An USS KUB was performed to investigate the acute renal failure, which did not reveal any obstructive nephropathy. Biochemistry and inflammatory markers improved only marginally. 48 h after admission the patient developed left wrist and right elbow pain with an effusion and reduced ROM. Examinations revealed the joints to be hot, swollen, and tender. Radiographs were normal. Arthrocentesis identified purulent fluid, which grew Group B Streptococcus. The patient was again taken to theater and received a secondary washout of the right knee including primary washout of left wrist and right elbow. Following surgery, the patient was monitored in the high dependency unit where he developed melena with a hemoglobin of 68 g/dl. An esophagogastroduodenoscopy (OGD) was performed by the surgical consultant, demonstrating duodenal ulceration and a spurting vessel. This was treated with adrenaline infiltration 1:10000 and hemospray. Despite this, a further two OGDs were required, with repeated treatment. Following discussion with the surgical teams, the patient was deemed a poor candidate for a laparotomy. There was mild improvement in the patient and despite an initial decline in the CRP and WBC, they continued to rise. A medical review was conducted, and an echocardiogram performed which demonstrated large vegetations on the mitral valve consistent with features of endocarditis. The patient was transferred to the coronary care unit and following a discussion with the microbiologist; antibiotics were changed to gentamicin and amoxicillin. The patient, unfortunately, died 37 days after admission. The cause of death was overwhelming sepsis, secondary to IE and septic arthritis with duodenal ulceration being a contributory factor.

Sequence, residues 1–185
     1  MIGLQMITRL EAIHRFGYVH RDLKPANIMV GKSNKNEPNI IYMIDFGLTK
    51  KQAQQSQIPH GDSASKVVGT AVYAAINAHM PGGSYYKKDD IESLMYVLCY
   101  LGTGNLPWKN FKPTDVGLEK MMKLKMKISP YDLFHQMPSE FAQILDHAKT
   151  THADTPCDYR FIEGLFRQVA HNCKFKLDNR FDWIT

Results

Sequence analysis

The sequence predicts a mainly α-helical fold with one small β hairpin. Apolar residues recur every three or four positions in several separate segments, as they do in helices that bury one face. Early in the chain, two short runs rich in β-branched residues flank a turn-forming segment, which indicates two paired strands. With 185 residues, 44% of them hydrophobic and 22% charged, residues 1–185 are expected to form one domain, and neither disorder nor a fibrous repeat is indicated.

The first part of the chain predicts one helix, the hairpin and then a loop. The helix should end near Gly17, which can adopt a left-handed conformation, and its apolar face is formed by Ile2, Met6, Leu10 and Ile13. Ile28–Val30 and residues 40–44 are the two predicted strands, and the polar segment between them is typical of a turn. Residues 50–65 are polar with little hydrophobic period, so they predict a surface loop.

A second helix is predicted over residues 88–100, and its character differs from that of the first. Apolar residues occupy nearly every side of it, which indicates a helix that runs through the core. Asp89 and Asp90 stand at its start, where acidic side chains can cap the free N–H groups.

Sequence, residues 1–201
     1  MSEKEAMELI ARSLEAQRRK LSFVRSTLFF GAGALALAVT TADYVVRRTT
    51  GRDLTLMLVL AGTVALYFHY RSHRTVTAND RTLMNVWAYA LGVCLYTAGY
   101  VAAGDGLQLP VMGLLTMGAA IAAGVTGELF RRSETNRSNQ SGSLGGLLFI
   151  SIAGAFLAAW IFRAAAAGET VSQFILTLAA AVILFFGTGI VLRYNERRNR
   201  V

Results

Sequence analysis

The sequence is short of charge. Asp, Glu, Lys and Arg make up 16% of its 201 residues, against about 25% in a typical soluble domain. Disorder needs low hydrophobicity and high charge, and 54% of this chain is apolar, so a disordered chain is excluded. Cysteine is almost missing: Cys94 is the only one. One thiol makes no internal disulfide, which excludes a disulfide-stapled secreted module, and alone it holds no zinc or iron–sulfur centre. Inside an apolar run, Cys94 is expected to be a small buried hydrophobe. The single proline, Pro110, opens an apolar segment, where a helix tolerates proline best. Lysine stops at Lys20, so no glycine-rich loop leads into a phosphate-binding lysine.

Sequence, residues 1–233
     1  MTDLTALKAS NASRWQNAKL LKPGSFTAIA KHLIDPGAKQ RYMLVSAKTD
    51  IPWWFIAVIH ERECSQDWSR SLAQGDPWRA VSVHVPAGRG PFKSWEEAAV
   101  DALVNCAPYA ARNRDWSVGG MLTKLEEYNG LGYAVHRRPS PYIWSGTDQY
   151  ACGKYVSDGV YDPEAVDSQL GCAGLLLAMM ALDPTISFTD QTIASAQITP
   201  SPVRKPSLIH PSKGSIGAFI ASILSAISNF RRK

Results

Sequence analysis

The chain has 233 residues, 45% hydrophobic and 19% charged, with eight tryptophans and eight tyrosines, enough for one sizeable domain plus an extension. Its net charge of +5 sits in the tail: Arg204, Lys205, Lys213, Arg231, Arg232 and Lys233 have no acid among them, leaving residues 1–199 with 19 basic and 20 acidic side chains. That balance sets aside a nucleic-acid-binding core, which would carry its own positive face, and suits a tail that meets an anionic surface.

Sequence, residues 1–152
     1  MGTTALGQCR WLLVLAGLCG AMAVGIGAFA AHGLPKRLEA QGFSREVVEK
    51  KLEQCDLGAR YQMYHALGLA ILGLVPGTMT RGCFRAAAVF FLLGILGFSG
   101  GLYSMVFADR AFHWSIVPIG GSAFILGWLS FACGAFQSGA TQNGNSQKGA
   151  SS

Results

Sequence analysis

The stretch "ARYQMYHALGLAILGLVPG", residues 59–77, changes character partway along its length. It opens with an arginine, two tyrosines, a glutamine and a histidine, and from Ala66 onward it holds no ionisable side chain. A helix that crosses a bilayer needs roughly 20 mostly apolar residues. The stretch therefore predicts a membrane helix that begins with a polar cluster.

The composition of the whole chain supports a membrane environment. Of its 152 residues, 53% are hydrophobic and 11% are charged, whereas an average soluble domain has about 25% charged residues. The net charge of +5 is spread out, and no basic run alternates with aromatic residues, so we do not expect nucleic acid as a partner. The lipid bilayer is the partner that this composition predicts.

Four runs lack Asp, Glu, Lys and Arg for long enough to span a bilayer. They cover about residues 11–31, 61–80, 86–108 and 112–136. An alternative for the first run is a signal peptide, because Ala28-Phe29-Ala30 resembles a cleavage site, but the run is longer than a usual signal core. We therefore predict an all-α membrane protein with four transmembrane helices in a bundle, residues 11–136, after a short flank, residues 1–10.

Musculoskeletal complications of IE have been noted in numerous studies. A review of 9 studies found that between 19% and 44% of patients with IE had musculoskeletal symptoms, commonly arthralgias and lower back pain, though documented infection in these patients was uncommon [3]. According to Sapico et al., infections are more common in intravenous drug abusers [4]. Septic arthritis typically presents as a tender, hot, swollen joint or multiple joints. The most commonly affected joints are the hip and knee [5]. In IE, bacteria can cause inflammation of a joint, typically resulting in the signs and symptoms of acute monoarticular septic arthritis. In subacute bacterial endocarditis, the presentation of arthritis can be asymmetrical and can affect up to 3 joints. A literature review using PubMed, Embase, and Medline between 2005 and 2016 has found only a handful of reported cases of multifocal septic arthritis [6, 7]. Only one case of bilateral septic arthritis was found, specifically bilateral acromioclavicular septic arthritis [8]. This patient had no previous medical history, and notably, polyarticular septic arthritis is usually associated with an infection on a background of rheumatoid arthritis [9]. The most common bacteria which have been associated with polyarticular septic arthritis are mainly S. aureus, followed by Streptococci. These bacteria can seed to produce polyarticular disease. The knee joint is most commonly affected, followed by the elbow, shoulder, and hip [10]. Our case demonstrates a rare example of multifocal septic arthritis associated with IE. It highlights the importance of a full cardiovascular examination in a patient presenting with an acute arthralgia and fevers, as an associated murmur may be heard on auscultation. In addition, the threshold for obtaining blood cultures should be low given the potential for IE. Transthoracic echocardiography may be useful when suspecting IE since the sensitivity is around 75% and specificity more than 90% [11]. Although the occurrence of septic arthritis in patients with IE is low, musculoskeletal symptoms should prompt a rigorous search for the cause. Joints should be aspirated promptly if there is a suspicion of bacterial infestation. Clues to the presence of septic arthritis in the setting of IE include involvement of multiple joints and involvement of the axial skeleton (e.g., sacroiliac, pubic, or manubriosternal joints). Acute septic arthritis involving one or more joints may be the first indication to the presence of IE, particularly for cases in which an organism with known propensity to cause IE (such as S. aureus or Streptococcus viridans,) grows from a joint aspirate. Strains of Streptococcus and Staphylococcus bacteria form part of the diagnostic criteria due to their correlation with IE. However, there are now novel bacteria that have become associated with IE. For example, Moraxella lacunata has been associated with bilateral septic arthritis and endocarditis [12]. In 2014, the first case of IE caused by Helicobacter cinaedi was reported [13].